Russia defence ukraine
This photo taken from video distributed by Russian Defence Ministry Press Service shows Russian military vehicles move during drills in Crimea last year (File) Image Credit: AP

War clouds are gathering over Ukraine and the situation is increasingly appearing ominous. And US President Joe Biden’s statement has added a new sense of urgency. He has predicted Russia will invade Ukraine once again, saying that he thinks Russian President Vladimir Putin ‘will move in’. According to Biden, Putin does not want a ‘full-blown war’ but instead wants to test America’s and Nato’s resolve.

These moves come as senior American and European diplomats are meeting in Berlin on Thursday to present a united front against Moscow, which has massed 100,000 troops near Ukraine.

The situation puts the US, the world’s foremost military and industrial power, in a particular conundrum. A military confrontation with Russia would be uncomfortably equal, given Moscow’s superpower-level armed might. In the case of Ukraine, America has one advantage, though: It is not bound by any treaty to intervene, as Ukraine is not a Nato member. Hence, almost certainly, America will not get directly involved militarily. Frankly, any such confrontation between the Big Powers would mean the end of the World Order as we know it.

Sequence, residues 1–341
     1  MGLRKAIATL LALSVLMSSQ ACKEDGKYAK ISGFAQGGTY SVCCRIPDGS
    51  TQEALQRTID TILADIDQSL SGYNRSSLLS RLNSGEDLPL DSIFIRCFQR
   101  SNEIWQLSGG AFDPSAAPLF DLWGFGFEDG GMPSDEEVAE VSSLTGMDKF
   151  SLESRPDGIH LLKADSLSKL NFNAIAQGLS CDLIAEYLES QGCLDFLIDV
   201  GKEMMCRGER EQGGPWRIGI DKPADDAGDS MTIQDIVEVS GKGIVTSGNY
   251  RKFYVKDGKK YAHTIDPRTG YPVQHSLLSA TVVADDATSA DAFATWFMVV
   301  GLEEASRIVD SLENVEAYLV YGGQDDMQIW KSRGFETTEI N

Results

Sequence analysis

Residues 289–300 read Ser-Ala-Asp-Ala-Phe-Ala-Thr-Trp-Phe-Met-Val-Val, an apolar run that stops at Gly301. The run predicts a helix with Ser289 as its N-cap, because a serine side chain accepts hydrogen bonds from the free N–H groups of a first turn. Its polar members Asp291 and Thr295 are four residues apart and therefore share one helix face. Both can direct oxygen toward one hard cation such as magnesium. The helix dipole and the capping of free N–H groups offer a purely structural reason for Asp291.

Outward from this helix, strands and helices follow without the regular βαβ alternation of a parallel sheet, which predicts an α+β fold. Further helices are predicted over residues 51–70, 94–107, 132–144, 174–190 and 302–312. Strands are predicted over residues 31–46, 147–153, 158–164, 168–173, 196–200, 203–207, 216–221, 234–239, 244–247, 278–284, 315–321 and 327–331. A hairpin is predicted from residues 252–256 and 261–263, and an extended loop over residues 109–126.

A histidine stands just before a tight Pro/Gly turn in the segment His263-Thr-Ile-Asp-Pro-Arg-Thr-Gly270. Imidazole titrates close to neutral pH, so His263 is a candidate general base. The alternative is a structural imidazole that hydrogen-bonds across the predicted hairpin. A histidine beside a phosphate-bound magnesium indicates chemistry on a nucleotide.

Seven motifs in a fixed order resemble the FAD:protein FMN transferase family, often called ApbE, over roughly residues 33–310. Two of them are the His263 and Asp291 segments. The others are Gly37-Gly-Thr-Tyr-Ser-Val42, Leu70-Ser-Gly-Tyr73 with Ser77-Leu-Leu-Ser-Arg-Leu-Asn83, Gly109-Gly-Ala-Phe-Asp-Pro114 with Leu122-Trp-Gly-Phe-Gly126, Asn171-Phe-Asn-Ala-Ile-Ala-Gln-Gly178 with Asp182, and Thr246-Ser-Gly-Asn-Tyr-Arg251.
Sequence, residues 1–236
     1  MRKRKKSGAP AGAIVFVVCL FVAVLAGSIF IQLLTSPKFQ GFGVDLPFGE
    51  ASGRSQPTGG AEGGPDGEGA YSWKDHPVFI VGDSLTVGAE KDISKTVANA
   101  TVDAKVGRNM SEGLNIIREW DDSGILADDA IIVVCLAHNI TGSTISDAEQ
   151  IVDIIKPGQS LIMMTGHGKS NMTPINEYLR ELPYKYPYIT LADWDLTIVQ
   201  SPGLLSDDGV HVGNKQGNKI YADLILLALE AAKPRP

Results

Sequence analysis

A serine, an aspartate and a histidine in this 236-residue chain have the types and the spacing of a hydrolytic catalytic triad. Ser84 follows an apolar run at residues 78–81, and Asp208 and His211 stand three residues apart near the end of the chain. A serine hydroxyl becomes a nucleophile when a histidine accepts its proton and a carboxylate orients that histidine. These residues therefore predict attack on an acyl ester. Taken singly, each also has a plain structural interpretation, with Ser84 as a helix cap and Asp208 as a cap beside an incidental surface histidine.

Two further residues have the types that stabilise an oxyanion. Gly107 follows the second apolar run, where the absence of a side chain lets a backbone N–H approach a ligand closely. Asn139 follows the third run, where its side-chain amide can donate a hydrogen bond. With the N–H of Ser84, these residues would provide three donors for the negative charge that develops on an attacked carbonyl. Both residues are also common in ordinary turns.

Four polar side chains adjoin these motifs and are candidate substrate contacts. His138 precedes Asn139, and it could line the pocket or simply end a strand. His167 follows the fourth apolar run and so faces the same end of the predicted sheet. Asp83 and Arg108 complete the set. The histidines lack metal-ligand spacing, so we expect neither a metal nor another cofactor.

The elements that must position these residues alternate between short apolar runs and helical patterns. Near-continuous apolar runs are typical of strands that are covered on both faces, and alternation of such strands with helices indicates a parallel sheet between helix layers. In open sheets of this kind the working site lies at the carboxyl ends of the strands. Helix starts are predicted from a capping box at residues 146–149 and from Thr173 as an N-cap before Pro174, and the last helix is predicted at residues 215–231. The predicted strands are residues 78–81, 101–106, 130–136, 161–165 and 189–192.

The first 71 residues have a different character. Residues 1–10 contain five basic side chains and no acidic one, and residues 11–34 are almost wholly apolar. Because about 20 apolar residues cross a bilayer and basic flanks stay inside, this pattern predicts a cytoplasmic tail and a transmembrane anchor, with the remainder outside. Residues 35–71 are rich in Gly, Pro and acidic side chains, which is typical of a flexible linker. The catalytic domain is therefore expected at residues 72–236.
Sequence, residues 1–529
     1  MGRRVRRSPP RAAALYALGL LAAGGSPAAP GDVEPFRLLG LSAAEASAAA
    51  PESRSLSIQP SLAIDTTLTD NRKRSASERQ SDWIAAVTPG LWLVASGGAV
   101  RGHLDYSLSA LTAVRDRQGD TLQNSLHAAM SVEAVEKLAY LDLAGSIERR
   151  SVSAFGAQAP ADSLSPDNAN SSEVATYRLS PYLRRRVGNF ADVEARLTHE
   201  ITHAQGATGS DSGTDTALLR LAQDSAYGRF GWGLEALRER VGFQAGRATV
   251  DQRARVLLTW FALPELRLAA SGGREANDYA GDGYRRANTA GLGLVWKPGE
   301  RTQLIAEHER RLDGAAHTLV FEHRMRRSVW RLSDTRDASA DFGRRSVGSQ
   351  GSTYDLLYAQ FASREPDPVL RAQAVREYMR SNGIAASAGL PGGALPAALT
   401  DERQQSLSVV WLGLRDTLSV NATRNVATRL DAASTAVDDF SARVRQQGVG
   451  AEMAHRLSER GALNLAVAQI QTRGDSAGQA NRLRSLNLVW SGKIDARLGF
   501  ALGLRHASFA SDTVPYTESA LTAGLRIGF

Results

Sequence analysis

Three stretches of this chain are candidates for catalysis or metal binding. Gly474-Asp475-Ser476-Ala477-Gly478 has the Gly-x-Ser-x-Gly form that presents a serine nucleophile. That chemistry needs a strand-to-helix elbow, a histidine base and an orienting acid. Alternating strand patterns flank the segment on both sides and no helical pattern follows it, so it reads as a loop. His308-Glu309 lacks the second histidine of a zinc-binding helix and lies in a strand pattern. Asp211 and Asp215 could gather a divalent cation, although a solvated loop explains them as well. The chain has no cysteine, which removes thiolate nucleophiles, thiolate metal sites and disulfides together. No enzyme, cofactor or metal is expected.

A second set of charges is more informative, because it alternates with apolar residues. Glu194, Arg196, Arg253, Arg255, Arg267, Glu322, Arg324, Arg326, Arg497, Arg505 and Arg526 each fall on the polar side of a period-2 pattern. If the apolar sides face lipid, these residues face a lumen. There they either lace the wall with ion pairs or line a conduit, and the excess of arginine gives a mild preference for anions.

However, not doing anything will also make the US look weak. Washington may adopt options such as extreme sanctions against Russian officials, and steps such as supporting Ukrainian resistance fighters after a potential invasion.

Presenting a unified front

Right now, the American response seems to be centred on presenting a unified front along with its jittery Nato allies in Europe to confront Russia.

All this comes as the Kremlin has denied any plans to invade Ukraine and has instead accused the Nato alliance of threatening Russian security with its continued expansion eastward. From the Russian perspective, the West has been threatening Russia’s security and national interests since the collapse of the Soviet Union.

Expansion has reached Russian borders and a newly-assertive Moscow seems determined to draw a red line — any move to admit Ukraine into Nato Russia is also adamantly opposed to the West basing missiles there. Russia continues to feel that Western alliance simply doesn’t take its national interest into consideration.

So where do we go from here? The stakes are so high that top level diplomacy is the only way out. Both sides must be alive to the fact that such tense standoffs have a way of getting out of control.